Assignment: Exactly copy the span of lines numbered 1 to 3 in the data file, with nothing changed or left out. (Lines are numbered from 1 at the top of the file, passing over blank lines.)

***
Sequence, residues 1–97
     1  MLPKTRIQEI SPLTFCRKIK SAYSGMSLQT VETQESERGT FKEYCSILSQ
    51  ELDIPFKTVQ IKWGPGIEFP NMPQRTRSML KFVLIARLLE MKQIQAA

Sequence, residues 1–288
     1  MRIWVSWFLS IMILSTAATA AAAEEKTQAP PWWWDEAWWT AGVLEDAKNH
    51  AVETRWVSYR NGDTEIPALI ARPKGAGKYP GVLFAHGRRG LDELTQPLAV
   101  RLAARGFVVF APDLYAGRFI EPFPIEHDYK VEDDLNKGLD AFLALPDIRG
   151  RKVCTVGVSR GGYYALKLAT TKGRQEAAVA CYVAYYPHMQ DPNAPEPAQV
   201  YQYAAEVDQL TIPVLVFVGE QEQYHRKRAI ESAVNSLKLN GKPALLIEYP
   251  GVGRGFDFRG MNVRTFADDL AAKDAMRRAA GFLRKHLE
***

Sequence, residues 1–97
     1  MLPKTRIQEI SPLTFCRKIK SAYSGMSLQT VETQESERGT FKEYCSILSQ
    51  ELDIPFKTVQ IKWGPGIEFP NMPQRTRSML KFVLIARLLE MKQIQAA